Extenders also don't really access internet streaming. you didn't mention wanting to do it, but its worth pointing out. Only the 360 can access the modern streaming apps like Netflix and HBO Go. and to do so, you have to pay the monthly subscription for their online gaming service.

You'd think then that PCs at each location is the answer but its not that simple either.

When an extender is running WMC it is logged into the host computer running a remote session. Therefore all activity is tied to that computer - specifically DVR scheduling, recording, and playback. When an extender schedules a recording that will show up on the host pc and all other extenders. When a "copy once" channel is recorded the extender can play that back too, given that its tied the computer that recorded it.

Multiple PCs don't work that way. Programs all need to be scheduled and stored on seperate computers. If you tell your bedroom PC to record the AFC Championship game that will only show up on your bedroom tv. Your living room PC will have no record of you wanting to record that. There is some 3rd party software to manage this, but its not a native solution.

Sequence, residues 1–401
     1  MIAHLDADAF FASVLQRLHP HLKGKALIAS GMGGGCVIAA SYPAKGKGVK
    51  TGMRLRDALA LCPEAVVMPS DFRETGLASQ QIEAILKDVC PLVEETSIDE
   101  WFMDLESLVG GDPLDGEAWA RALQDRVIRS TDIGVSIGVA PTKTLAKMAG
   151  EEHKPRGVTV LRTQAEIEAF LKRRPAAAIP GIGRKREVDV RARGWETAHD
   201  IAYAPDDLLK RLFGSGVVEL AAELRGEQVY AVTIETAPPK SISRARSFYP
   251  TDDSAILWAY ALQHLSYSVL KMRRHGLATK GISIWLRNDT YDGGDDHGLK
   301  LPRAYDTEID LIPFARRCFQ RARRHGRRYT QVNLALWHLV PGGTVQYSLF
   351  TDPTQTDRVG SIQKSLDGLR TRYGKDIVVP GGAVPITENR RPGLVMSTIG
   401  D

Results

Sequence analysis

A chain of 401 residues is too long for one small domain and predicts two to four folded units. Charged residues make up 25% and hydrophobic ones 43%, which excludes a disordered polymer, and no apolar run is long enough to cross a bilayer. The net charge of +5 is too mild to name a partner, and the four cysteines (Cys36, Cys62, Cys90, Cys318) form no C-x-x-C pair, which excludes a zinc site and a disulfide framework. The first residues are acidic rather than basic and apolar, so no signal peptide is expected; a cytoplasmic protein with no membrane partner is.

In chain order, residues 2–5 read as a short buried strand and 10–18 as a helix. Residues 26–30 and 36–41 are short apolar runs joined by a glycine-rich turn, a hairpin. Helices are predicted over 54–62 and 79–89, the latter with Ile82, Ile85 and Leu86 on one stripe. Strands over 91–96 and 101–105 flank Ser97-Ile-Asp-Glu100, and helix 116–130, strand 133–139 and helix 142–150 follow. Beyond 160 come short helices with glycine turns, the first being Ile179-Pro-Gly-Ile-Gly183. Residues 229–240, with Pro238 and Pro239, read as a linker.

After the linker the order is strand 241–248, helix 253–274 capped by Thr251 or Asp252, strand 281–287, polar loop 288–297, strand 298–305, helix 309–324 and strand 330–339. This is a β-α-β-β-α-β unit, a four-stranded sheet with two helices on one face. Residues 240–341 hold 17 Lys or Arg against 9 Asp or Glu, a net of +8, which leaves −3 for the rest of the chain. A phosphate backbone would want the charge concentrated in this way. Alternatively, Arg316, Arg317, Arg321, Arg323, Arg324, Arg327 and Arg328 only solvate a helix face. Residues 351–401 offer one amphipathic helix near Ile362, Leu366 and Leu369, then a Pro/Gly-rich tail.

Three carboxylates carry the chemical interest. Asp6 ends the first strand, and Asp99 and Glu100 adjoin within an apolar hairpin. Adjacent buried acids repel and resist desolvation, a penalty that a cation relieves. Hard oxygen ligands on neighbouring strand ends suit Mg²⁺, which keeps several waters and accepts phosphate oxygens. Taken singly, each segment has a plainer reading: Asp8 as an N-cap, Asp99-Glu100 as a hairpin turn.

What you can do is share the 'Recorded TV" folder from each computer with all the rest of them. Heres the problem there - your cable company will throw a wrench into it. Any program/channels marked "copy once" will be unavailable to the rest of the computers on the network. So if you record Game of Thrones in the living room you won't be able to watch it in your bedroom. The channels marked that way are determined by your cable company. As a rule of thumb Comcast and Verizon only mark premium movie channels like Starz and Showtime. Most of the other providers mark channels like USA, ESPN, AMC, Discovery, etc copy once as well. You can still watch and record at every location, but you can't share the recordings.

A Slingbox on your HTPC could theoretically work, but that means you can only watch one program in all rooms. Your main PC will be tied up "slinging" a program the kitchen or bedroom, so whatever the bedroom is watching the living room will as well.